Donald Trump's Middle East peace plan will not be released until after Ramadan

The Trump administration still hopes that Palestinian President Mahmoud Abbas will support the plan

FILE PHOTO: U.S. President Donald Trump, seated with adviser Jared Kushner (L) and Treasury Secretary Steve Mnuchin (C),  speaks during his meeting with the Emir of Kuwait Sheikh Sabah al-Ahmad al-Jaber al-Sabah at the White House in Washington, U.S., September 5, 2018. REUTERS/Kevin Lamarque/File Photo
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Jared Kushner, US President Donald Trump’s adviser and son-in-law, announced on Wednesday that the administration’s long-awaited Middle East peace plan will be released after Ramadan.

Mr Kushner made his announcement to a group of ambassadors in Washington a week after the Israeli elections in which Prime Minister Benjamin Netanyahu scored a victory, enabling him to remain in office for a fifth term.

Ramadan ends in the first week of June.

The Trump administration has remained tight-lipped about the plan's content.

“We're not going to reveal details of the plan ahead of time,” US envoy Jason Greenblatt tweeted this week.

Palestinian chief negotiator Saeb Erekat is expected to visit Washington next week but no meetings are scheduled with Mr Kushner or his team, The National has learnt.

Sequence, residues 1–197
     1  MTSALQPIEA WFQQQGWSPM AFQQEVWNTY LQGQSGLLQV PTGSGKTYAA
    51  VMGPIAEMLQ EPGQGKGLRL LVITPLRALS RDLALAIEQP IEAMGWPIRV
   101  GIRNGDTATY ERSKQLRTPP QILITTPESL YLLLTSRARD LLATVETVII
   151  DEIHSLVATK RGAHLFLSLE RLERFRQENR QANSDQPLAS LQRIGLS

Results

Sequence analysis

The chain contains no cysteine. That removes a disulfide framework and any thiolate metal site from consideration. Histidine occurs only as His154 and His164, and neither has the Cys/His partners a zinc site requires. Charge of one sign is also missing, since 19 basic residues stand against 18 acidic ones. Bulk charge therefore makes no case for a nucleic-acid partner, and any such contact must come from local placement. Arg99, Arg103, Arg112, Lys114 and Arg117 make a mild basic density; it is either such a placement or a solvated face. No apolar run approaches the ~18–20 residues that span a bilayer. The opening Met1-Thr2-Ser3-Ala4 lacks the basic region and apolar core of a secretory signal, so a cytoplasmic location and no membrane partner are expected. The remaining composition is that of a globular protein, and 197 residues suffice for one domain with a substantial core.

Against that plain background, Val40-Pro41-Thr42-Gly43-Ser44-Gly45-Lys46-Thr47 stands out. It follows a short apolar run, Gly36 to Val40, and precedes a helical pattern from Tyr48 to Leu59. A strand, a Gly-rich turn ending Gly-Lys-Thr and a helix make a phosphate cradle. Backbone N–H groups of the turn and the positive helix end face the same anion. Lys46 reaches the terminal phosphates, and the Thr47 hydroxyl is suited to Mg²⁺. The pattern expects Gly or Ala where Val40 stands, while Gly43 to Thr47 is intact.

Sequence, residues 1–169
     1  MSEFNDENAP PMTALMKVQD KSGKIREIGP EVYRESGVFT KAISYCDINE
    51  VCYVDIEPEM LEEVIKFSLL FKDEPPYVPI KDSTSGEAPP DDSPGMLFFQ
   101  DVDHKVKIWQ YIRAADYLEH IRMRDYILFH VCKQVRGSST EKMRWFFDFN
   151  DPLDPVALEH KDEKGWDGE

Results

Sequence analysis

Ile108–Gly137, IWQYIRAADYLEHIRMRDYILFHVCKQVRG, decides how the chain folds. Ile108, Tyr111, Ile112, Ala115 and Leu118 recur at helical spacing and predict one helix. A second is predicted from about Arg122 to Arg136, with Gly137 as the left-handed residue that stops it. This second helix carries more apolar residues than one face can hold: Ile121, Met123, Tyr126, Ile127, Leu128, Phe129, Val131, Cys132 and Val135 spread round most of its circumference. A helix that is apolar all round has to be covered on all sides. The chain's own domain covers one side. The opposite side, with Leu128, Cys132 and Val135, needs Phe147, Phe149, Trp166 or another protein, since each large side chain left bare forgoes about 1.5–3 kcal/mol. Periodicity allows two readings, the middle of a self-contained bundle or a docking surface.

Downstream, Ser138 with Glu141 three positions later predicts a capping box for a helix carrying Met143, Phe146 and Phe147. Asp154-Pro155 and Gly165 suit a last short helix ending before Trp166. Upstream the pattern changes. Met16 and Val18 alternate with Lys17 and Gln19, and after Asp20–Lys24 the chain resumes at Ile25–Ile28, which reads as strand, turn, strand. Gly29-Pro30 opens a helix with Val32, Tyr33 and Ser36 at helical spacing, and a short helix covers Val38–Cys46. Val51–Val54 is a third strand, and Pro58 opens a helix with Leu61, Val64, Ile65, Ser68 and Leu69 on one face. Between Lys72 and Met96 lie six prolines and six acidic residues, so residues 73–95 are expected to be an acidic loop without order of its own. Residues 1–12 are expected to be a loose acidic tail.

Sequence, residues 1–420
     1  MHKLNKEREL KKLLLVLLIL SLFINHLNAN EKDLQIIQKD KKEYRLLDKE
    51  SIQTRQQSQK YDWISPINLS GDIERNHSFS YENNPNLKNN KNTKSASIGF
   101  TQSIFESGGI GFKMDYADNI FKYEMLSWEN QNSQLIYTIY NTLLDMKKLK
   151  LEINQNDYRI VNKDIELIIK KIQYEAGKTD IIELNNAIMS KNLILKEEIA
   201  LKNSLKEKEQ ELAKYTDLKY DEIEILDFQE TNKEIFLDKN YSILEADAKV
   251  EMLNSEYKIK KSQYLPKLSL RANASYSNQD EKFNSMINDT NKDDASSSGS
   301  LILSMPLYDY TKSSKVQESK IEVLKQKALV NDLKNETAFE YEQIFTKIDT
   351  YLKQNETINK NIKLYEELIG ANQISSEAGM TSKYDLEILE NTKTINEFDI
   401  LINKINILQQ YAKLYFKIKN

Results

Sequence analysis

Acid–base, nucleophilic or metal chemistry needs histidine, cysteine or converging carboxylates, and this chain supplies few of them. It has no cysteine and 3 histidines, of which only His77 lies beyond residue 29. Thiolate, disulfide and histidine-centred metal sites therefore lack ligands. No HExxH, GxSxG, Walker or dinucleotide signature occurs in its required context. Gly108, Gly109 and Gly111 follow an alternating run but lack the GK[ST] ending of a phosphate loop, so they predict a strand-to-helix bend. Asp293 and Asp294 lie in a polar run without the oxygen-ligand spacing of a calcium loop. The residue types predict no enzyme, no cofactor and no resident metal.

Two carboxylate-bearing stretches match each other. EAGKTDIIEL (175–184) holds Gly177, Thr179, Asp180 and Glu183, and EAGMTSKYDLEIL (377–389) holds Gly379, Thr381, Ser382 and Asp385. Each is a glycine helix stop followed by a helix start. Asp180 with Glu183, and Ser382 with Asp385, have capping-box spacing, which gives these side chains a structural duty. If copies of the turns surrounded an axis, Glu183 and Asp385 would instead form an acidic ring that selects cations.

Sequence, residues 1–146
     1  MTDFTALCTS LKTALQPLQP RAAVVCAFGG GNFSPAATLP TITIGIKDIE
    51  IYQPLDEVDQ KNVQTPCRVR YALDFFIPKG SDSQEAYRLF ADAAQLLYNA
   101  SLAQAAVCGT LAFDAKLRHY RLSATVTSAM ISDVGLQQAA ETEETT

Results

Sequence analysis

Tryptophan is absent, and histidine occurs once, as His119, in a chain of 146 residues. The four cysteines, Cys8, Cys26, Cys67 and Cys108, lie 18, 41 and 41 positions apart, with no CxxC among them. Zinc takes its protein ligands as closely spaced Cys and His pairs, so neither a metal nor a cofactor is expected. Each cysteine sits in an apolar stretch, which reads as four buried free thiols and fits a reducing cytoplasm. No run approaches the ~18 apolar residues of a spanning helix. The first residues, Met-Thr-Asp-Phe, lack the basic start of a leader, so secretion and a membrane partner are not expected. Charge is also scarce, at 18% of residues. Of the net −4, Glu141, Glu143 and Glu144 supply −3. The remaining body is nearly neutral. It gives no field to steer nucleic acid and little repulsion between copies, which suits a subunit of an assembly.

The Palestinian Authority cut communications with the Trump administration after it announced it would move its embassy from Tel Aviv to Jerusalem in December 2017.

The White House still hopes that Palestinian President Mahmoud Abbas will support the plan.

“We hope Abbas reads the plan, judges it on its merits and comes to the table for negotiations,” a US official said in February.

The plan is expected to have sections on political, economic and security matters, and the administration is hoping to gain Arab support for the document.

The US is also expected to co-ordinate the release of the plan with Mr Netanyahu as he forms his new government.

“The Trump peace plan is now likely to be presented in full co-ordination with Mr Netanyahu,” Daniel Shapiro, of the Institute for National Security Studies in Tel Aviv, said last week.

Mr Shapiro, an ambassador to Israel under former president Barack Obama, anticipated that the plan would fall short of meeting Palestinian aspirations, but could be accepted by the Israeli government.

“Recent comments by Secretary of State Mike Pompeo and other administration officials indicate that it will not contain the basic elements of a two-state solution,” he said.